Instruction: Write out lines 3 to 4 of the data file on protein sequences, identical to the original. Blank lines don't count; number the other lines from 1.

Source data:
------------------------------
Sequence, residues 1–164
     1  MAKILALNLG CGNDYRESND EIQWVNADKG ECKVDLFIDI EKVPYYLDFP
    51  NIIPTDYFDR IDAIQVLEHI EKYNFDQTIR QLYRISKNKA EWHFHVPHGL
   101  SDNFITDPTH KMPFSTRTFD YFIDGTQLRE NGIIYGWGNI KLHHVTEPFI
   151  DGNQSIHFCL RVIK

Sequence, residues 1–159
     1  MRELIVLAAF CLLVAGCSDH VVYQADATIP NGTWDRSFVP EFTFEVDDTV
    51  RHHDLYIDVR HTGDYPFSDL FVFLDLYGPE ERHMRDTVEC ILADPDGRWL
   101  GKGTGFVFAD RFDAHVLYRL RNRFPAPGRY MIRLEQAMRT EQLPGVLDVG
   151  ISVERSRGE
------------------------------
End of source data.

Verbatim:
    51  NIIPTDYFDR IDAIQVLEHI EKYNFDQTIR QLYRISKNKA EWHFHVPHGL
   101  SDNFITDPTH KMPFSTRTFD YFIDGTQLRE NGIIYGWGNI KLHHVTEPFI